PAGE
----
e) The Wall Street Journal reports: “The Honduran mission is part of a broader global security campaign by U.S. special-operations troops deployed in more than 80 countries, from Chad to Ukraine, Bangladesh to Peru. The commandos usually train foreign armies in a strategy to maintain U.S. military dominance using a limited footprint.” What is your reaction to this? (surprise, approval, dismay…) Explain your answer.

a) list the who, what, where and when of the news item
b) For what reasons do European Union officials say they are lifting the 5 year old sanctions against Belarus?
c) What is most likely the real reason?
d) What is believed to be President Lukashenko’s motive for attempting to appear to work with the EU?
e) Ask a parent or grandparent: do you think the EU’s decision to drop sanctions against Belarus was the best decision? Explain your answer.

4. For SYRIA:
a) list the who, what, where and when of the news item
b) How many Assyrians were kidnapped? For how long were they held?
c) Why does the Assyrian church want to keep the terms of the ransom secret?
d) ISIS terrorists kill Muslims and Christians. However, no Christian is safe in these areas. Many call on the U.S. government to give special preference to Arabic and Assyrian Christians seeking asylum here. Do you agree? Explain your answer.



  • The country’s homicide rate has fallen by almost a third from its 2012 peak, according to Honduran data, although it is impossible to know how much of the improvement is due to the Tigres or other specialized police units. The world’s highest homicide rate is now in El Salvador, where U.S. Special Forces and Navy SEALs also train security forces.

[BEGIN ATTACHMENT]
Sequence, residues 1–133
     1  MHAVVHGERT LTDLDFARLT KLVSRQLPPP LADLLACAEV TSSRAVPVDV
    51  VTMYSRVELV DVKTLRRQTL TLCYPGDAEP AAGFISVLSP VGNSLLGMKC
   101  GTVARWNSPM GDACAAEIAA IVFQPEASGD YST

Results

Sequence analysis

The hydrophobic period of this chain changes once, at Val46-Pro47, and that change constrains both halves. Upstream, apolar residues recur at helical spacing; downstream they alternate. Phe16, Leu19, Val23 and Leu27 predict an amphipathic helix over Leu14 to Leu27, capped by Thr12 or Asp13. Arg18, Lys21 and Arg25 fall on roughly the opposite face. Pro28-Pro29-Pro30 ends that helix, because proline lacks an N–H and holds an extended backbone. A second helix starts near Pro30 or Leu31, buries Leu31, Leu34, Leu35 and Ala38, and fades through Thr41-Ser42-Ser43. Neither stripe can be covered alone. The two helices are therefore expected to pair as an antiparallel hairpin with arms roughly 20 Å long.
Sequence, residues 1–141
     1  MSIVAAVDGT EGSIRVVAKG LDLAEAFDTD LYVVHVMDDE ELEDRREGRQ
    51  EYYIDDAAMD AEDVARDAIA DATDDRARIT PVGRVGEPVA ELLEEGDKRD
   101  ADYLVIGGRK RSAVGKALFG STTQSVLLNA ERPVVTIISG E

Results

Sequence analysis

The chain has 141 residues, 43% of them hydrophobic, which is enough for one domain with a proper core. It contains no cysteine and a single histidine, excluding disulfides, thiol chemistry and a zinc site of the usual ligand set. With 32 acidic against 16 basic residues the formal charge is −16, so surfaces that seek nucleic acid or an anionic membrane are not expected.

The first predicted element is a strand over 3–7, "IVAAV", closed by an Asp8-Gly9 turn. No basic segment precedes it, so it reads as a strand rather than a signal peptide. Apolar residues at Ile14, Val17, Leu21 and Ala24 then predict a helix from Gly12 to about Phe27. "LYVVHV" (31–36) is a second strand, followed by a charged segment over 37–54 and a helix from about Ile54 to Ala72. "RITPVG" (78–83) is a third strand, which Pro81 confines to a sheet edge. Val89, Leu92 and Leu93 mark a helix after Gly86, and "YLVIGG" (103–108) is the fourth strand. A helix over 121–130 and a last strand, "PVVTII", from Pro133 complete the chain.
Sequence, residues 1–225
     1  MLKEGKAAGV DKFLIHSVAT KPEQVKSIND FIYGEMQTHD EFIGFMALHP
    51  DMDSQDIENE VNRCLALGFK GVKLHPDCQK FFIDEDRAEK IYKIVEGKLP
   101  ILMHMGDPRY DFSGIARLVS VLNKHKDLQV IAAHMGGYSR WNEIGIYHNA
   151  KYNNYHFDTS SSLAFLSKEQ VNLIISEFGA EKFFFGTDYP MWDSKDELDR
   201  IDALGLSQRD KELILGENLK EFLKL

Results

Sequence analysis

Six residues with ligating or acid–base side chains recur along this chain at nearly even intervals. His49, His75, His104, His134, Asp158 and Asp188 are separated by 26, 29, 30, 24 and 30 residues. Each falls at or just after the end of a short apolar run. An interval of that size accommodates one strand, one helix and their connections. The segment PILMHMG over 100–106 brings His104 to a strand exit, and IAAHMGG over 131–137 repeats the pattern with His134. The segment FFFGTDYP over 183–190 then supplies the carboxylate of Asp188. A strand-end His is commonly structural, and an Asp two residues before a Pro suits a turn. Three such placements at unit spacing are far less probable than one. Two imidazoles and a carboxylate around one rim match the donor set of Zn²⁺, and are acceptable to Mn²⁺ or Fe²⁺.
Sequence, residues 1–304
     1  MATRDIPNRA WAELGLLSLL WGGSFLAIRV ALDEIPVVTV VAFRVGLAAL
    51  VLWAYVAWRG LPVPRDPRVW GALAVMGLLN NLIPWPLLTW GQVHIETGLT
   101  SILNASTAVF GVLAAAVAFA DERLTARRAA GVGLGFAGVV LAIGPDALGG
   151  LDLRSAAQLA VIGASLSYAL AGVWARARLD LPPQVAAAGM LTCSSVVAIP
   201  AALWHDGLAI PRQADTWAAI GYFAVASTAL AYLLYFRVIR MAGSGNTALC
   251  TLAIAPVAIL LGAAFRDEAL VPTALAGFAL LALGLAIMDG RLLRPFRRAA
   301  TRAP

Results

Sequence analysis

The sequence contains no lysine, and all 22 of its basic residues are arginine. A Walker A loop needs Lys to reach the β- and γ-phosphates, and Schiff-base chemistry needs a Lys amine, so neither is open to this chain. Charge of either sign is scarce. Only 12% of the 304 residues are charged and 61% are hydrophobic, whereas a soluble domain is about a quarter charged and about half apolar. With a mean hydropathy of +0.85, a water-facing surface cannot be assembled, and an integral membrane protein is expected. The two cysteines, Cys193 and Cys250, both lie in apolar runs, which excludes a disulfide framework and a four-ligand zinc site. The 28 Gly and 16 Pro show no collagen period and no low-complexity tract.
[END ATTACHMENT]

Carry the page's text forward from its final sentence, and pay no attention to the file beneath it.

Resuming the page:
• The Tigres, which number 285, must become regular police officers before attending a 12-week commando course. Commanders hope to increase the force to 500 officers, perhaps next year. A Tigre earns 30% more than the $500 monthly salary of an ordinary policeman.
  • The U.S. donates uniforms, boots, radios, navigational tools and training ammunition, but no weapons. The Honduran government arms the SWAT officers with Israeli-designed, Bulgarian-made rifles.
  • Much of the training takes place at an isolated base in the Honduran mountains. Tigres use battering rams to enter buildings, armed with paintballs, blanks or live ammunition. They round corners to confront simulated life-or-death decisions posed by paper targets: armed men; women with babies; women with weapons; women carrying babies and weapons.
  • During close-quarters combat training, Green Berets teach the Tigres how to move safely up a staircase and how to clear a room with flash-bang grenades. They teach how to control a suspect by holding both of his thumbs with one hand and pressing down on his head with the other. (from the WSJ article above)


  • Belarus has been ruled by Alexander Lukashenko since 1994; the KGB is still in business and there is no opposition in parliament. But he has been making overtures to the west following Russia’s seizure of Crimea and the crumbling of Belarus’s economy amid wider turmoil in eastern Europe. In a likely nod to Minsk’s role in hosting four-party peace talks on Ukraine, the EU said it valued “Belarus’s constructive role in the region”.
  • Joerg Forbrig, a fellow at the German Marshall Fund thinktank, said the EU was likely to have been motivated by geopolitical arguments, as well as wider fatigue with sanctions.
  • At a time when Russia was trying to extend its sphere of influence, supporting Lukashenko was seen “as the lesser evil.” Forbrig said, although added there was no evidence this was an effective policy.
  • The decision to lift sanctions “sends a very wrong signal to Mr. Lukashenko,” he said. “It says to him: ‘We accept you don’t have to make any political reforms.’”
  • Belarusian opposition leader Andrei Sannikov said the EU had made a very unfortunate decision that would have negative consequences for the Belarusian people, civil society and independent media.